Jury reaches a unanimous verdict on ONE of the charges against Jack de Belin and his friend – but the decision will be kept under wraps for now
- A District Court jury has reached a unanimous verdict on one of the six charges
- But the jury is deadlocked over the five remaining charges, the court has heard
- Judge Nicole Noman urged 12 jurors to continue deliberating on other offences
- Jurors are each ‘firm and resolute’ on their verdicts, a later note to judge said
- Both Jack de Belin and Callan Sinclair deny raping 19-year-old in December 2018
- They have claimed the sex at a North Wollongong unit was consensual
The jury has reached a verdict on one of the charges against Jack de Belin and his friend Callan Sinclair – but the decision will be kept under wraps for now
The jury in the rape trial of footballer Jack de Belin and his mate Callan Sinclair has reached a unanimous verdict for one of the six charges.
But the NSW District Court has heard the 12 jurors ‘definitely’ can’t reach a unanimous decision on the five remaining counts against the pair.
In a note to the judge read out in a Sydney court about 1pm, the jurors said they were each ‘firm and resolute’ in their verdicts.
When the jury foreperson was asked if they could reach a unanimous verdict on the outstanding charges given further time, he said: ‘Definitely not’.
Judge Nicole Noman then ordered the Sydney jury to try to reach an 11 to 1 majority verdict on the charges.
The jury is in its sixth day of deliberations over the sexual assault claims against the suspended St George Illawarra forward, 30, and his mate, 24.
Both pleaded not guilty to the charges, claiming they had consensual sex with the 19-year-old alleged victim in December 2018.
The single verdict the jury has been able to reach relates to an allegation de Belin anally raped a 19-year-old woman while Sinclair is in another room.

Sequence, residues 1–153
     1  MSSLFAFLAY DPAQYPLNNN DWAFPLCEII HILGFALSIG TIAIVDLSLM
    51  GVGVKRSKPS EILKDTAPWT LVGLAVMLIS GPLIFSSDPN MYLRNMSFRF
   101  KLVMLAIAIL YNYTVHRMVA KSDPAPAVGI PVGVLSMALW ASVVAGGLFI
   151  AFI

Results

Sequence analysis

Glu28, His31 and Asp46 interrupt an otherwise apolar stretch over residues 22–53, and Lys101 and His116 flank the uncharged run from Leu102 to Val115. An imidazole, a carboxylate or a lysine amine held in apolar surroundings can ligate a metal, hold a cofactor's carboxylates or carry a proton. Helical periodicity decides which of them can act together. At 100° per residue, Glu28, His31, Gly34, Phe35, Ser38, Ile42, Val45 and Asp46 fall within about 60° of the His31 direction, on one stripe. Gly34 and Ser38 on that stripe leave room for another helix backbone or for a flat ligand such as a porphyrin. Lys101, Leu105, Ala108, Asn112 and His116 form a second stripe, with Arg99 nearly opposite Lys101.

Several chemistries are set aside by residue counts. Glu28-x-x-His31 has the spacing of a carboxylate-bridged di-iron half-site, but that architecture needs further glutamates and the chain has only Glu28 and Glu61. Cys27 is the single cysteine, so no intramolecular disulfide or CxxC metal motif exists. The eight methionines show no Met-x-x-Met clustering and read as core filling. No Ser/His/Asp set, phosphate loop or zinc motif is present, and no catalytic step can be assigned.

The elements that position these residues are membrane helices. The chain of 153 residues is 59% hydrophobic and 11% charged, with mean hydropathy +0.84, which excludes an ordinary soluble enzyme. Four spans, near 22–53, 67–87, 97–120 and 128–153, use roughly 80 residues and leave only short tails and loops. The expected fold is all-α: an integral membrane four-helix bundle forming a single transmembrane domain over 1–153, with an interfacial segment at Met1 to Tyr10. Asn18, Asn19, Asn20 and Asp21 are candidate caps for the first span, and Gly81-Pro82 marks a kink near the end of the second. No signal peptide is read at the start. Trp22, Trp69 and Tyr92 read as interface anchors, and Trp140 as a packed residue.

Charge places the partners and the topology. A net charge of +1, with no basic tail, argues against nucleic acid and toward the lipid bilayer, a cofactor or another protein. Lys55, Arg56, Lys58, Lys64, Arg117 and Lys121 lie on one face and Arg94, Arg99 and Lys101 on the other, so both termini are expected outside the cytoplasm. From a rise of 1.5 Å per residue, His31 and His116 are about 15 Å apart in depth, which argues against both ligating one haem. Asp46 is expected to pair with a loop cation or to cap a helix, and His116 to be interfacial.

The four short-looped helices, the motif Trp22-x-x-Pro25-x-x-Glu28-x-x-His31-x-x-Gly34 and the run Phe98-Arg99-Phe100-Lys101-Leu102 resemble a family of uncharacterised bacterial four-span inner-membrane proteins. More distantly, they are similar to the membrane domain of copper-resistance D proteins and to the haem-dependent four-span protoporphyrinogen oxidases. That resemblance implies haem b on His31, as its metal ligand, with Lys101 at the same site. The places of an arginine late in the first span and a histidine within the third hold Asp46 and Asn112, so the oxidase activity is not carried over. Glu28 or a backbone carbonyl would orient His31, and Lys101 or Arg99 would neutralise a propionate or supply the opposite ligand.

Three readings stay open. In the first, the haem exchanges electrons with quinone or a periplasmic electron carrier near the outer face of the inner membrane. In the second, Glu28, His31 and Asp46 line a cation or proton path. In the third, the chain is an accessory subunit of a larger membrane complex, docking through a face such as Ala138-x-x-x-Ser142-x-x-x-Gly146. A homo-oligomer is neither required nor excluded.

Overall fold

Callan Sinclair outside court last week. The amateur footballer is also facing a series of charges
However the verdict reached remains a mystery, with Judge Noman keeping the decision under wraps until the jury reaches a position on the remaining charges.
In an earlier note to the judge read in court on Monday, the jury said they have ‘been through a rigorous process of examining all of the evidence proferred in the trial’.
But they said they did not believe it was possible to reach a verdict on the other charges.
‘I don’t propose to take your verdict in relation to Count Six at this stage,’ the judge said. The judge said past experience showed juries can often agree if given enough time to consider and discuss the issues.
‘But if, after calmly considering the evidence and listening to the opinions of other jurors, you cannot honestly agree with the conclusions of other jurors, you must give effect to your own view of the evidence,’ she said.
Over a 13-day trial, the jury heard claims that the teenager, who already knew Sinclair, met de Belin on the dancefloor during Wollongong’s Santa Public Crawl.
The court heard the trio then travelled to an apartment in North Wollongong. There, de Belin allegedly attacked the woman in the bedroom of the unit after using the bathroom, the jury was told.
The woman said she told the men to stop and then ‘just let it happen’, crying as the men ‘took turns’.
The men both testified the sexual encounter was consensual, with the woman acting ‘normal’ and appearing to enjoy it.
The St George Illawarra forward, 30, has been benched while facing the charges in court
At trial, prosecutors said the accused men’s evidence was ‘sprinkled’ with words and actions ‘to turn the narrative into a false picture of a consensual sexual encounter.’
‘They just went too far and it became inherently implausible,’ said prosecutor David Scully.
In closing submissions, de Belin’s lawyer dubbed the accuser ‘inherently unreliable’.
‘This woman is the sort of person who takes a grain of fact and then moulds it, changes it, distorts it and uses it to tell a tale,’ David Campbell SC told jurors more than a week ago.
Sinclair’s lawyer reminded the jury their decision should not be about sympathy, emotion or even whether the woman was lying.
‘Not guilty means you’re not satisfied the Crown has proved its case beyond reasonable doubt,’ Sharyn Hall said.
The deliberations continue at the Downing Centre District Court.